Intelligent Services Gateway Configuration Guide, Cisco IOS XE Release 3S (Cisco ASR 1000)
Configuring RADIUS-Based Policing
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Configuring RADIUS-Based Policing

Contents

Configuring RADIUS-Based Policing

The RADIUS-Based Policing feature enables Intelligent Services Gateway (ISG) to make automatic changes to the policing rate of specific sessions and services.

Finding Feature Information

Your software release may not support all the features documented in this module. For the latest caveats and feature information, see Bug Search Tool and the release notes for your platform and software release. To find information about the features documented in this module, and to see a list of the releases in which each feature is supported, see the feature information table at the end of this module.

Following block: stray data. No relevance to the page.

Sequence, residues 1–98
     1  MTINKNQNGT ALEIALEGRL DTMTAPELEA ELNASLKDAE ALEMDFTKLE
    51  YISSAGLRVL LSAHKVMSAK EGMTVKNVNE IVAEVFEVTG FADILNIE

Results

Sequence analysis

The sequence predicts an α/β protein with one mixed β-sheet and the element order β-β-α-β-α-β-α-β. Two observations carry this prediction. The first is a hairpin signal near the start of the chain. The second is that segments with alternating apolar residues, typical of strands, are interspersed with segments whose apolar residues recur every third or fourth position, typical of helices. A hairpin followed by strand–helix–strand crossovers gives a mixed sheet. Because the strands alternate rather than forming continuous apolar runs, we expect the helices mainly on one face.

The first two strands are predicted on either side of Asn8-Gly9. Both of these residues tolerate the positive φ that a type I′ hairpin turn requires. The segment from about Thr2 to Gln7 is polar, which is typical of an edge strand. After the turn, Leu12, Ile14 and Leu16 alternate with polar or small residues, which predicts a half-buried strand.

Use Cisco Feature Navigator to find information about platform support and Cisco software image support. To access Cisco Feature Navigator, go to www.cisco.com/​go/​cfn. An account on Cisco.com is not required.

Prerequisites for RADIUS-Based Policing

You must configure all traffic classes on the ISG before referencing the classes in policy maps.

You must configure and apply QoS policy maps on the ISG before the ISG can construct and apply an ANCP-based dynamic service policy.

Restrictions for RADIUS-Based Policing

Per-service policing cannot be configured on the class-default class at the parent level of a hierarchical policy. You can configure per-service policing on class-default classes at the child or grandchild level.